What the plant offers is transformation: once it’s grown, the friends are enticed by its scent and decide to drink its sap; Momo paints masks specially for the night, developing a kind of makeshift samhain ritual, complete with dancing and fire. After the night of witchy partying they wake up to find themselves in male bodies. The film is less interested in questioning how the magic of the plant works than in exploring what it offers in terms of character and thematic development. The opportunity to experience life through this new set of eyes is exciting for Bella and Momo but it’s vital for Kim, who realizes that he is trans, that this body is the one he belongs in. But in keeping with samhain rituals, the plant’s magic isn’t permanent. That’s no trouble for Bella or Momo, who are merely exploring gender roles (and in Momo’s case her sexuality) as teens do even without magical plants, but for Kim it’s a crushing blow. The possibility of a perfect transition offered and taken back.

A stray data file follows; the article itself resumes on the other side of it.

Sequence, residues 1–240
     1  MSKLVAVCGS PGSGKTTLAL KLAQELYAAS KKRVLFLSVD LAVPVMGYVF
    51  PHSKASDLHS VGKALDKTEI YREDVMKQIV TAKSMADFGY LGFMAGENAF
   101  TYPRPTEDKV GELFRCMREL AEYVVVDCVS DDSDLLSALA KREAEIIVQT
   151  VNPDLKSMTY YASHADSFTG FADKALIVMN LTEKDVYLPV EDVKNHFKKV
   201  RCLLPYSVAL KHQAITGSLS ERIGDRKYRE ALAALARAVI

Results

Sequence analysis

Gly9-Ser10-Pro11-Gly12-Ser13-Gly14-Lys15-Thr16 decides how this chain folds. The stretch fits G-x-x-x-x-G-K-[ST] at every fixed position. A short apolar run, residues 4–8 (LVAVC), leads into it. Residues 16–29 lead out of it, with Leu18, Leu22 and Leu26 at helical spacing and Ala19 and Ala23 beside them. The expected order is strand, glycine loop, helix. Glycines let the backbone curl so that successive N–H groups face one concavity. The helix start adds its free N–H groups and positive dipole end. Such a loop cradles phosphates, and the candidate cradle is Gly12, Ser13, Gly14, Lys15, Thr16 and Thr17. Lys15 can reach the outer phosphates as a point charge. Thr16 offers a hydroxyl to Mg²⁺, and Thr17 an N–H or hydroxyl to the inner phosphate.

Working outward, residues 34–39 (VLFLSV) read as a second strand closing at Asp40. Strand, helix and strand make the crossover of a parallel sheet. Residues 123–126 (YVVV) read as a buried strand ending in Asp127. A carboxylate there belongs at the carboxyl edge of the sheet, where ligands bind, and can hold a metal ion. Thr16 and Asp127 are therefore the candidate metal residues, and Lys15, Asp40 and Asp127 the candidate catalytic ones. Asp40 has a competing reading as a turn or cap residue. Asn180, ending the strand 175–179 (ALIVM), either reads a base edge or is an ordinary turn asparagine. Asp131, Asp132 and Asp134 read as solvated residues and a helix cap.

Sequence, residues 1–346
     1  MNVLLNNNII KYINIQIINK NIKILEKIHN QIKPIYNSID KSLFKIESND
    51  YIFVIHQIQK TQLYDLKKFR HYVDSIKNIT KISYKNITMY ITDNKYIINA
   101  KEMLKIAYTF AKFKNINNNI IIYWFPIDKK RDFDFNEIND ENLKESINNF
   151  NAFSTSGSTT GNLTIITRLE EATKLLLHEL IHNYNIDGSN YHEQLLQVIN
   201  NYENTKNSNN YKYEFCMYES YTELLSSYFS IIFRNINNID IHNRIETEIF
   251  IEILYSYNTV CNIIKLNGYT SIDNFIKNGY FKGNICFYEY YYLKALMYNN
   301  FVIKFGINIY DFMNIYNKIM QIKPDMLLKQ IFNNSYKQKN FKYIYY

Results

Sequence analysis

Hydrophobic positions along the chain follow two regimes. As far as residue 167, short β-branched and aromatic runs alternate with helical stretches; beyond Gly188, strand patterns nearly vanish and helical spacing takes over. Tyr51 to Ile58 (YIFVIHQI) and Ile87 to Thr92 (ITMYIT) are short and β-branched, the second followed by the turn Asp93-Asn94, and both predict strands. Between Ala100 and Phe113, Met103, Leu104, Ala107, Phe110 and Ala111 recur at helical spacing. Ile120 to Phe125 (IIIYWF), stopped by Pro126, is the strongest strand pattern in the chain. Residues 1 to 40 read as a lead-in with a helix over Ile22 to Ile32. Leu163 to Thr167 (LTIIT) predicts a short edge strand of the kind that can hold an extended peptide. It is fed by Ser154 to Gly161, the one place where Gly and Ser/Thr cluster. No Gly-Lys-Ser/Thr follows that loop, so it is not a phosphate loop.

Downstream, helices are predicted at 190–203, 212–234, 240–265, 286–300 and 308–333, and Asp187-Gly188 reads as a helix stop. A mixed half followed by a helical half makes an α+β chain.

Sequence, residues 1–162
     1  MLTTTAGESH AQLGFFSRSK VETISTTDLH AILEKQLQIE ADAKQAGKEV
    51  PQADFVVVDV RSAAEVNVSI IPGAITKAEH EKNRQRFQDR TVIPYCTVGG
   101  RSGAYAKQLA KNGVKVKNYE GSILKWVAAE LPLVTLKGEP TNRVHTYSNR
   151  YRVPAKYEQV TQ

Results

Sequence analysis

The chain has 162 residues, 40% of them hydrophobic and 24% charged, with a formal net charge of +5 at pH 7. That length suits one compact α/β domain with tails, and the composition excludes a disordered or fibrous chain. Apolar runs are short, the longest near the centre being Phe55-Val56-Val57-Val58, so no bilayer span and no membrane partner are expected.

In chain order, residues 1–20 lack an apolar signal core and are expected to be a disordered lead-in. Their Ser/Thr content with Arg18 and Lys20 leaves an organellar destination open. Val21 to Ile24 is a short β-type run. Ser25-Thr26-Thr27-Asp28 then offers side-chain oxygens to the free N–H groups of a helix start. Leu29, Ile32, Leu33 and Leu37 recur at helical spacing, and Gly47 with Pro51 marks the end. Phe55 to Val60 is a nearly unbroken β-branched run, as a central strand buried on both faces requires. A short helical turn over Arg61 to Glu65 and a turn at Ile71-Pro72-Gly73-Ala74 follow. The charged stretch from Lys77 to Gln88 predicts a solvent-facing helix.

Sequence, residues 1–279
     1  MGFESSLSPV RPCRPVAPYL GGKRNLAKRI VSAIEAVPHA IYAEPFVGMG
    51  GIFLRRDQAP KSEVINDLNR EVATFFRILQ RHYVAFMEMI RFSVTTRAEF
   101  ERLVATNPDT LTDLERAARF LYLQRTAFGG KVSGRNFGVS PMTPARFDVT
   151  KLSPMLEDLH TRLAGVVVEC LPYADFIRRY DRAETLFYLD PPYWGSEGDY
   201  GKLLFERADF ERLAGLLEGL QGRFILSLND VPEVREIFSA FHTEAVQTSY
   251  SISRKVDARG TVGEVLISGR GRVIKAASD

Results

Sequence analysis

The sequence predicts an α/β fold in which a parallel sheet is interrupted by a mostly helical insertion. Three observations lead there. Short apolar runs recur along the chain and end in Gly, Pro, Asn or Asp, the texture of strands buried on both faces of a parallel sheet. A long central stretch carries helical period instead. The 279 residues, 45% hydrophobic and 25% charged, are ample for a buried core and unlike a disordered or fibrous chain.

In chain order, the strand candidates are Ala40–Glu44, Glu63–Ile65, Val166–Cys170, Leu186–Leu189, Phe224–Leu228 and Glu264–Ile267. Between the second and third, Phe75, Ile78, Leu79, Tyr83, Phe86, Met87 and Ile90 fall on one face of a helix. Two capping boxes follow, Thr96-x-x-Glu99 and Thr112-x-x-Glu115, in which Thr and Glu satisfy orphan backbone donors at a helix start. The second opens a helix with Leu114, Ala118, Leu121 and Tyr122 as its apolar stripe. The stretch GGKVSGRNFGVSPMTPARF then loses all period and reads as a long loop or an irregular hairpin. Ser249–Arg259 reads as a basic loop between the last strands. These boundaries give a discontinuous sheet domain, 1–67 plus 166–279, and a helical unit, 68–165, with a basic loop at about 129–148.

Unlike so many other films that deal with adolescent angst and trauma through magic, Girls Lost grounds keeps its characters grounded and its magic dialed down low. There are none of the witch battles you find in The Craft, where good girl Sarah triumphs over transgressing bad girl Nancy — which serve mainly to reassert “proper” social order. Nor the werewolf battles of Ginger Snaps trilogy, where, for all their power the girls are consumed by their own natures. Nor does Girls Lost even treat in the formulaic domestic-reformation-with-a-twist that Stranger Things serves up. Magic is real in Girls Lost but it’s not satisfying and it’s rules aren’t conclusive. It does not simplify adolescence. It does not serve up a neat parable about the dangers of____. The plant dies and its magic goes with it. Kim must make choices about transition. Bella and Momo must deal with its lessons. They are changed by the experience but not set into a new, comfortably witchy identity; rather, they are still transforming.